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Wednesday, 6 March, 2002, 11:16 GMT
Analysis: Colombians fear more violence
Vigil for abducted Colombian politician Ingrid Betancourt
Several senior politicians have been abducted or killed
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By Ruth Morris in Bogota
line

President Andres Pastrana may have won a nation's thanks by breaking off peace talks with Marxist rebels, but it remains to be seen whether the Colombian armed forces can make military gains against the guerrillas.

President Pastrana terminated negotiations with his country's most powerful guerrilla group - the Revolutionary Armed Forces of Colombians (FARC) - on the 20 February, after the rebels hijacked a commercial airliner and kidnapped a prominent senator.

President Andres Pastrana
Pastrana's decision was wildly popular
The three-year peace process had achieved little, and the president's decision was a popular one.

However, government forces have since failed to contain a wave of retaliatory FARC attacks on power lines and bridges, or to establish a stronghold in a former rebel safe haven to the south.

Now, with congressional elections around the corner, analysts warn that the rebels are likely to intensify their sabotage campaign, targeting politicians, military installations and urban centres.

Token military presence

"The army is poor," says military analyst Alfredo Rangel.

Even though the United States has channelled $670m into Colombia's military machine over the last two years, Mr Rangel says the army "could show weaknesses that will be difficult for the public to accept".


Colombians are expecting an escalation in political violence

Much of the US aid went to buy powerful Black Hawk helicopters and special forces training for elite Colombian troops, but US legislators stipulated the assistance was strictly for anti-narcotics operations.

President Pastrana has asked Washington to loosen this restriction to bolster his fight against the FARC, but to no avail.

The 17,000-strong FARC is Latin America's oldest rebel army, and relies on drug profits and extortion to survive.

The most recent example of the FARC's staying power came in late February when President Pastrana ordered government troops to re-capture a southern sanctuary he had ceded to the rebels in 1998.

Click here to see a map of the former FARC safe haven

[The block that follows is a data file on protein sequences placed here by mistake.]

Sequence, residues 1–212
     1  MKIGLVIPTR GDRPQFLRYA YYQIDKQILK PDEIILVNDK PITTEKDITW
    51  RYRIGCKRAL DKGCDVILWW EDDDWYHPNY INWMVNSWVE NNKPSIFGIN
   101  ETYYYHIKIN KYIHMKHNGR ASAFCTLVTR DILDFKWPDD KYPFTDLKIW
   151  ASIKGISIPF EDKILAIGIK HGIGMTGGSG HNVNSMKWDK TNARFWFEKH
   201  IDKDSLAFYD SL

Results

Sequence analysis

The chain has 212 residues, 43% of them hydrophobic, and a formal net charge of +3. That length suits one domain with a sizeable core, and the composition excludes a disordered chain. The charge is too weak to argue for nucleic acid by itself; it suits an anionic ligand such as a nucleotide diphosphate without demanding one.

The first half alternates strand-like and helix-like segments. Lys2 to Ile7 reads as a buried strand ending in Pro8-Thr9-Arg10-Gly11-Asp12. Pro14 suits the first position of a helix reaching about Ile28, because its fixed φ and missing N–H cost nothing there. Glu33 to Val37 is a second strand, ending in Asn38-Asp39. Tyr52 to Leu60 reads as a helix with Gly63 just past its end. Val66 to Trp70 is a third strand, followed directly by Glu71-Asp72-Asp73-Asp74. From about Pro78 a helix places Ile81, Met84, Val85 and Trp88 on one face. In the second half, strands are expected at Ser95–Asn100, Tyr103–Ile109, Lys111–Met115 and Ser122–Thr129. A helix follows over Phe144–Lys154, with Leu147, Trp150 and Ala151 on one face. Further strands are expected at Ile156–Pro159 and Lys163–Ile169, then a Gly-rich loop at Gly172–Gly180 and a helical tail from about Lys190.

The army was only able to establish a token presence in dusty town centres - military authorities conceded they will need months, perhaps years, to fully control the vast territory.

In a political cartoon published in the leading El Tiempo daily, FARC commander Manuel "Sureshot" Marulanda smiles at the delay and signals his fighters to unload a stationwagon full of suitcases inside the former peace zone, saying: "The government has given us more time."

Escalation

FARC attacks "cannot be eliminated totally" according to the head of the armed forces, General Fernando Tapias, "but it can be reduced to where it doesn't interfere with normal levels of national development".

Colombian anti-narcotics police officer in a poppy field
US military backing is restricted to fighting the drugs trade
Meanwhile, rebel infrastructure attacks are on the rise.

In the past, Colombia's 38-year civil conflict has been fought largely over drug crops and gun-running corridors.

But now the rebels want to bring the violence right to residents' doorsteps, observers say, with strikes on city centres and commercial hubs.

Colombians are also expecting an escalation in political violence.

With congressional elections slated for 10 March, lawmakers say campaigning has become a high-stakes endeavour.

Fear in the city

Candidates seeking votes in the countryside run the risk of being kidnapped by rebel bands, and some have taken to mailing video-taped speeches to supporters instead.


There's a lot of fear... a lot of people don't go outside Bogota anymore

Jorge Leon,
businessman

The rebels are already holding five lawmakers, along with a presidential candidate. The body of another senator was found on Saturday with gunshot wounds - officials believe she was killed by the FARC.

The FARC say they will only release their high-profile prisoners in a swap for jailed rebel commanders.

"There's a lot of fear. A lot of people don't go outside Bogota anymore," says Jorge Leon, a city-based businessman.

After several of his friends were held for ransom by the guerrillas, Leon now avoids driving on country roads after dark and rarely ventures far outside the capital city.

Other Bogota residents have taken to holding candle-light vigils to protest against recent rebel attacks on a nearby water supply station.

But Leon is sceptical that the FARC will take notice.

"Psychologically, the protests are important. But in a practical sense, the guerrilla must be laughing their heads off," he says.



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See also:

04 Mar 02 | Americas
Colombian senator murdered
02 Mar 02 | From Our Own Correspondent
Colombia's war without end
26 Feb 02 | Americas
Outrage at Colombian kidnap
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